home interior designs
homehow todiy videoshome bloghome tips
 
home interior designs home interior designs

Advertise on this page

Window air conditioner
 

Room air conditioners are available for installation in double-hung and casement windows. Some types can be installed in sliding windows too. Wall or window units have adjustable sides and can be set inside an open window. Wall units are installed flush into an exterior wall. The biggest energy user in any air conditioning unit is the compressor, which pumps the refrigerant through the air conditioning system to cool the room.

Room air conditioners

Window or though the wall air conditioners used for room cooling consist of three basic parts:

  • A hermetic compressor
  • A condenser
  • An evaporator using a capillary tube refrigerant control.
  • Liquid refrigerant collects in the lower coils of the condenser. It flows through the capillary tube refrigerant control into the evaporator. When the unit is in operation, the evaporator is under low pressure. The liquid refrigerant rapidly boils and picks up heat from the evaporator surface. A motor-driven fan draws air from inside the room, and pulls it through a filter. The fan forces the air over the evaporator. Here, the air is cooled and goes back into the room.

    During cold weather

    • The refrigerating mechanism is turned off.
    • The electric resistance-heating units are turned on.

    The room air fan is turned on. The same fan circulates warm air in cold weather and cooled air in warm weather. These air conditioners are usually connected to 240 V circuits. A control provides a choice of temperatures.

    How to installing a window air conditioner through an exterior wall

    • Mark the opening on the inside wall. It is better to place it higher on the wall so when the air conditioner is in a window, the cold air is heavy and sinks to the floor and this gives the air a longer reach into the room.
    • Cut the opening with a utility knife, or a drywall cutter. Cut it back until the studs in the area to hold the unit have been exposed.
    • Be very careful while cutting that the electric wiring or plumbing is not damaged. It may be helpful to cut and remove the area in small pieces so that the wall cavity can be checked.
    • Pull out the insulation that may hide wire or plumbing. If these are in the opening area, the opening can be moved or the wires or plumbing rerouted.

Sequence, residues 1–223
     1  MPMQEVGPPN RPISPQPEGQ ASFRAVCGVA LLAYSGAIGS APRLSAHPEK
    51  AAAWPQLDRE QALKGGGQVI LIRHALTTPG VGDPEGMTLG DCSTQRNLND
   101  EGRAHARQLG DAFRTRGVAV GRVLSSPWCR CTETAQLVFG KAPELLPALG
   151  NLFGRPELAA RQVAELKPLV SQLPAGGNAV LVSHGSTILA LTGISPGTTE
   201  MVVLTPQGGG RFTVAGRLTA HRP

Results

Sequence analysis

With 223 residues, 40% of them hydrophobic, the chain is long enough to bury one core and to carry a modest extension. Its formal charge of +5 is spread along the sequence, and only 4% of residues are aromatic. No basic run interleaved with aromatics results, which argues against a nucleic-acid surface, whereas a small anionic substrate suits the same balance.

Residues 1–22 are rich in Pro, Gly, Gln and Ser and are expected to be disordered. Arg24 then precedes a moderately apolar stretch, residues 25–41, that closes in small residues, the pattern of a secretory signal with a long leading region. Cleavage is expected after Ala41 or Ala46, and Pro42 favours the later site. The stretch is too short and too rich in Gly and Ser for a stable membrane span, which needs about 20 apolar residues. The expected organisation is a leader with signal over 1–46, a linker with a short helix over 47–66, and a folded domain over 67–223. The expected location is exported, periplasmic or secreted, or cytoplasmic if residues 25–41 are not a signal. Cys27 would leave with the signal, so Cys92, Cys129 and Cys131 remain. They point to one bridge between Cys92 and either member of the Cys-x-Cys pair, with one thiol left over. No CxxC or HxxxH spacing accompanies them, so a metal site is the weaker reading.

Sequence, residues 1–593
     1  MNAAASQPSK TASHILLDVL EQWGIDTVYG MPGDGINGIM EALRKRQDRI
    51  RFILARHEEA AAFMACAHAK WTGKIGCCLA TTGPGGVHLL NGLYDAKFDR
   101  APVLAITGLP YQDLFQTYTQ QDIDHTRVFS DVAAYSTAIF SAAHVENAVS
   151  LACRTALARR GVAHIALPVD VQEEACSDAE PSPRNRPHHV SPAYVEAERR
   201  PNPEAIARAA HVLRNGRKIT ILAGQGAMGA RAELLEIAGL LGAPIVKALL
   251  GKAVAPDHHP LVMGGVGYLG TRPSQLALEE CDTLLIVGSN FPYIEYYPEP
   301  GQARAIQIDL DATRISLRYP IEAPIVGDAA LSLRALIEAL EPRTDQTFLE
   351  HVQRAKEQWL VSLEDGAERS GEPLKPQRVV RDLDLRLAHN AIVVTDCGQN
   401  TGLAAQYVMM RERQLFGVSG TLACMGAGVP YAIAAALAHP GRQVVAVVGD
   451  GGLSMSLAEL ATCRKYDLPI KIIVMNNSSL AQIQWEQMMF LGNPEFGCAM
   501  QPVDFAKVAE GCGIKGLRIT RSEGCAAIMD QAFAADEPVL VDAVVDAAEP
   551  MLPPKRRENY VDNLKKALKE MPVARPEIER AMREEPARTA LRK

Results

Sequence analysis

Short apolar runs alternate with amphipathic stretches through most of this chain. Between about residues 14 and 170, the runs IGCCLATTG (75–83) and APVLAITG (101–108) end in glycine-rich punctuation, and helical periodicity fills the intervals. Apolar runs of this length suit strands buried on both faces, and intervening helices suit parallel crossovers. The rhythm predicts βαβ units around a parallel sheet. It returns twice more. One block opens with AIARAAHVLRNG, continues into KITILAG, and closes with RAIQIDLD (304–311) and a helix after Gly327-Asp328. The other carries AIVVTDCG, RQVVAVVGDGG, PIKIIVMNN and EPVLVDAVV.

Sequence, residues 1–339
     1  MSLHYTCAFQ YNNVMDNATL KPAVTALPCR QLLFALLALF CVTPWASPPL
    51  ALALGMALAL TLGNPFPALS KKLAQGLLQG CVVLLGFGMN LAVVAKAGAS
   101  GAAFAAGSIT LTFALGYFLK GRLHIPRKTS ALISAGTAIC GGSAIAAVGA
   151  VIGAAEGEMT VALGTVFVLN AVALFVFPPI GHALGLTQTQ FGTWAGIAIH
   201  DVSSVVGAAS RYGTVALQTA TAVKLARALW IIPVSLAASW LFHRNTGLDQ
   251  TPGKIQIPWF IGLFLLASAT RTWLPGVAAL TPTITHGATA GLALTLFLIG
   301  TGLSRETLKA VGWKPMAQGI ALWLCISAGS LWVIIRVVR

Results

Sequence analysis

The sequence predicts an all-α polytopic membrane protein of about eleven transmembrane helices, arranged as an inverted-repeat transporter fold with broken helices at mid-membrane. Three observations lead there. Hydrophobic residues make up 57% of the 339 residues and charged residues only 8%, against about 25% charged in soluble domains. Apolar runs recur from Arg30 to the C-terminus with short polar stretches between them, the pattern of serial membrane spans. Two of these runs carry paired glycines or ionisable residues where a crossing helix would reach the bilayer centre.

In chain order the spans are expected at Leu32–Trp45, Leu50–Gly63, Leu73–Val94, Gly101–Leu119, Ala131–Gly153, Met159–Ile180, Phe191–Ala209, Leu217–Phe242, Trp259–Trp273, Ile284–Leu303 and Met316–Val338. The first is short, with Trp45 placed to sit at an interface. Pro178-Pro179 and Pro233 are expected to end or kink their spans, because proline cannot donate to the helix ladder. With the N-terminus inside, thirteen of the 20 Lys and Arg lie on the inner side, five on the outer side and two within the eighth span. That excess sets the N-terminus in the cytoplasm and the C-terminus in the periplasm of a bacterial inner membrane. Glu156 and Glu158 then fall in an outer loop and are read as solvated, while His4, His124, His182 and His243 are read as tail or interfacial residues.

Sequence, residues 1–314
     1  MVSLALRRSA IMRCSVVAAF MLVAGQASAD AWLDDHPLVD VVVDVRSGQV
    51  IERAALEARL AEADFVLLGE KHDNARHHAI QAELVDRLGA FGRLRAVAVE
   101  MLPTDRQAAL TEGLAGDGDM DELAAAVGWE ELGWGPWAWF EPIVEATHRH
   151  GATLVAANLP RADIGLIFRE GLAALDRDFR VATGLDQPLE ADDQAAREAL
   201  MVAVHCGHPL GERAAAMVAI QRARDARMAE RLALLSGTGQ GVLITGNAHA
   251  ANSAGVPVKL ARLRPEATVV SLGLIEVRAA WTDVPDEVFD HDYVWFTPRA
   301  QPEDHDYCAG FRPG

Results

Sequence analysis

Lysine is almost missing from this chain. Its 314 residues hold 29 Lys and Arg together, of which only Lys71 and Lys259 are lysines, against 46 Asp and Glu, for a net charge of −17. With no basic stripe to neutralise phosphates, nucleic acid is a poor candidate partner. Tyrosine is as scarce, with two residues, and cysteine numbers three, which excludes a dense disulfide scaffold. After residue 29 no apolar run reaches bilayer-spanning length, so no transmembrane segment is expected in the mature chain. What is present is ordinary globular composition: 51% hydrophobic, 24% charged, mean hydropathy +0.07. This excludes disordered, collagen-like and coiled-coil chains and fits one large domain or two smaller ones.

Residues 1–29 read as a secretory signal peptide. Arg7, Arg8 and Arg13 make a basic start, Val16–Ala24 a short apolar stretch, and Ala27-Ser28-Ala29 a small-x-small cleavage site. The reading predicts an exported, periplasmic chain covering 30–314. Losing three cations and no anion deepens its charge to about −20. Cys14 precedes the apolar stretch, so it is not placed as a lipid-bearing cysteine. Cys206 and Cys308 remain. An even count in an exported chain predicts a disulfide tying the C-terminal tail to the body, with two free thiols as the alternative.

• Drill holes in each corner of the desired opening through the sheathing and exterior siding. Then, from the exterior, cut the hole with a portable circular saw.
    • Cut the studs within the opening, leaving space for the unit plus the double sill and header. The opening should be about 1/4 to 1/2 inch larger than the air-conditioner.
    • Remember, this is a load-bearing wall, so if the ceiling needs temporary support, block it up with several 2x4 members joined to a horizontal member next to the ceiling.
    • Install the framing forming the finish size of the opening and supporting the ceiling or second floor load.
    • Install the air-conditioner and chassis. Caulk around the sides of the opening and the cabinet.
    • Repair damage to the finish wall and nail a molding around the unit to give a finished look.

    How to install a double hung unit

    • Screw the expandable panel to the window sash and sill as directed by the manufacturer.
    • Slide the cabinet into the opening in the window and screw to the sill and sash as directed by the manufacturer.
    • When the cabinet extends more than 12 inches beyond the exterior sill, braces are needed.
    • Install the chassis in the cabinet; secure it to the cabinet as directed by the manufacturer.

     
     


    home interior designs

    Window air conditioner

    home interior designs

    lock Secure Server

    Your privacy is important. We promise not to rent, sell, or share your information with anyone else. Period.

    home interior designs

    Design Small Spaces

    Stretch Slipcovers

       
        © 2005 - 2011 all-homeinteriordesigns.com. All Rights Reserved. This site was last updated on September 30th, 2011